The edge of the crust was especially crackly. On one slice, it broke off from the rest of the slice entirely. The interior, though, was on the chewy side, in a good way. I liked the contrast between the exterior crunch and the interior chewiness.
These were reasonably tasty slices, with a well balanced mix of slightly browned mozzarella, a middle-of-the-road tomatoey sauce, and a bit of spicy kick from the pepperoni. Nothing particularly remarkable there, but they worked well together and were added in good proportion to the crust.
After that good experience, I was looking forward to trying a full pie from Dontonio's, which I did a couple of weeks later. It wasn't bad, but it wasn't quite as good as the slices, I'm afraid.
The crust on this pie was quite thin, but the edge was very thick. The underside was dry and firm, but not really crisp. I found the dough nice and bready, but it seemed a bit bland. Though the underside showed some dark brown spots, it didn't have the toasty flavor or aroma that I look for in a crust. The flavor brought to mind a loaf of bread that was baked at a relatively low oven temperature, giving it a nice texture but not the complex flavors that develop at high temps.
The toppings were also on the mild side. As I often do, I got a plain cheese pizza, which best allows you to see what a pizzeria's pies are really like, so I wasn't expecting that much in the way of flavor, but even taking that into consideration, the sauce and cheese didn't do much to lift the overall flavor profile. The thin layer of sauce added some mild tomato flavor, but not much else. There was a faint hint of oregano, though I couldn't tell if that came from the sauce itself or from a sprinkling of the dried herb.
The cheese on this pie was perhaps the most dominant component, but more because of its quantity than its flavor. It was melted juuust to the point where it was beginning to brown, which is about where I like it, but it too seemed rather bland. Even processed mozzarella sometimes has a certain tanginess to it, but this cheese added more texture than flavor; the addition of a slightly sharper cheese, even just a little provolone or a sprinkling of Romano, would've been welcome. I also wondered if this was part skim cheese, as it was congealed but not particularly smooth or stringy. It had exuded some orangey oil in the oven, so I'm not sure.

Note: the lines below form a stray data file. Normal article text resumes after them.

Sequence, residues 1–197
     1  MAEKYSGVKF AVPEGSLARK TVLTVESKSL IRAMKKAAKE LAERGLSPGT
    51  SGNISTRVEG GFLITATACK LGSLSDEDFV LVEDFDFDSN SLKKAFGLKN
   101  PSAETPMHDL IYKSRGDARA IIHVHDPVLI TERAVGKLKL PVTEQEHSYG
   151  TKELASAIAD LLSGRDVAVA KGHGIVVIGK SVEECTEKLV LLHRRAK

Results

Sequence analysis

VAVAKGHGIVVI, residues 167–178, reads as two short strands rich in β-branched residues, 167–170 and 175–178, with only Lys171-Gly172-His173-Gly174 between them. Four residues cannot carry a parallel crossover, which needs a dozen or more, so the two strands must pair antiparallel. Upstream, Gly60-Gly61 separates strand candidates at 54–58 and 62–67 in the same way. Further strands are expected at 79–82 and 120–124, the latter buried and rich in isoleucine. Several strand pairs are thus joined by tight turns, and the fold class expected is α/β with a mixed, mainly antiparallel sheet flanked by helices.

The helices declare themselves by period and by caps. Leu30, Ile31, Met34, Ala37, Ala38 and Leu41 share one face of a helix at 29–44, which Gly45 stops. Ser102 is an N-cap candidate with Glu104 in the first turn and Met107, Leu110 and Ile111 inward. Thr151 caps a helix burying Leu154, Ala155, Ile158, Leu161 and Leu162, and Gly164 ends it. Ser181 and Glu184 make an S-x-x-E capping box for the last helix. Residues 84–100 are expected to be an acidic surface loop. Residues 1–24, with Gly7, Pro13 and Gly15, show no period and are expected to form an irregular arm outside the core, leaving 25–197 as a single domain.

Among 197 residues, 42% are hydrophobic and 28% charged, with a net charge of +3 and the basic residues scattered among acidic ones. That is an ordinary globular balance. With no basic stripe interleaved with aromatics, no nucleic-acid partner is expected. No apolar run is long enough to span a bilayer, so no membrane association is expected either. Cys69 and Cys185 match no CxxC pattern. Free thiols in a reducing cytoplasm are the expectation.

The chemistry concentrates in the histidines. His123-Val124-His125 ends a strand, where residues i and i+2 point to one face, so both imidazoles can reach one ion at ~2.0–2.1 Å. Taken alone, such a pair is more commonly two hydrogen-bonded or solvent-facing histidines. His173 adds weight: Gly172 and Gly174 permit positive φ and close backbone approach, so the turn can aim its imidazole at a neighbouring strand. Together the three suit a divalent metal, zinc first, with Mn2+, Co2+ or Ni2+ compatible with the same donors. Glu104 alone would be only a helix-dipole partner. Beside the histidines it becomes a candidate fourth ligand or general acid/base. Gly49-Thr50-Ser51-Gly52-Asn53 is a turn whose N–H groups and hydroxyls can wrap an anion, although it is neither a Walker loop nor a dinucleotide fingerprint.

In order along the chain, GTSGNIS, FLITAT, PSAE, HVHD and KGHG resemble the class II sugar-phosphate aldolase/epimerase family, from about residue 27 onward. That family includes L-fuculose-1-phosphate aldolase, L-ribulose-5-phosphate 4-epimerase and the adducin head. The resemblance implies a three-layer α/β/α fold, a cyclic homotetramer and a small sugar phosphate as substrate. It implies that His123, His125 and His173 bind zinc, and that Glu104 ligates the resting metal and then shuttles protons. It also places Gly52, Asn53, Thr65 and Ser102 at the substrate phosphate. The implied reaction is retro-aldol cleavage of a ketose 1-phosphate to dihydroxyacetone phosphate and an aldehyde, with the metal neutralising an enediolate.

Dontonio's offers pizza in 9-, 12-, and 16-inch sizes, plus sheet pizzas, with your choice of 16 toppings. Their only specialty pizza is a chicken wing pie. They also do wings, calzones, subs, salads, and fried sides.
I don't mean to sound overly critical of this pizza. It was OK. But perhaps after liking my slices, I was expecting more from the pie. And frankly, my family wasn't crazy about the pie, which I brought home for dinner, so that probably made me scrutinize it a little more closely than I otherwise would have.
In retrospect, I think the slices benefited from being reheated, which made the crust crisper and the cheese a little browner (and more flavorful) and from the pepperoni, which added some kick. Maybe if I'd simply asked that my pie be "well done," and gotten some extra toppings, I would've liked it more.
And though it's a cliche to say that a dish tastes OK, but could use salt, in fact I think that might've been the case here. The crust tasted to me like bread made with very little salt, and neither the sauce nor the cheese tasted of salt either. I'm not a salt fiend, but a little sodium chloride does have a way of perking up the taste buds.
On the plus side, the dough did have some nice bready qualities, and though it was on the bland side, the outer crust, or "bones," made for good dipping into my homemade hot sauce. And it was a well made, well balanced pizza. I liked my slices better than the pie, but even the pie was all right, and I'm going to average them out to a C+.
Dontonio's Pizzeria, 303 East Main St., Avon
Tel.:  226-3290
Sun. - Thu. 11 a.m. - 10 p.m., Fri. & Sat. 11 a.m. - midnight

Monday, November 21, 2011

Book Review: The Complete Idiot's Guide to Self-Sufficient Living

Last August, I reviewed The Complete Idiot's Guide to Urban Homesteading. In a similar vein, but with some differences, is another volume in the "Idiot's" Series, The Complete Idiot's Guide to Self-Sufficient Living. Author Jerome Belanger, a farmer who's written six books on country living, has written a straightforward manual for those who'd like to become more self-reliant, and less dependent on the government and big business to supply their needs, even as those entities extend their reach into more and more corners of our lives.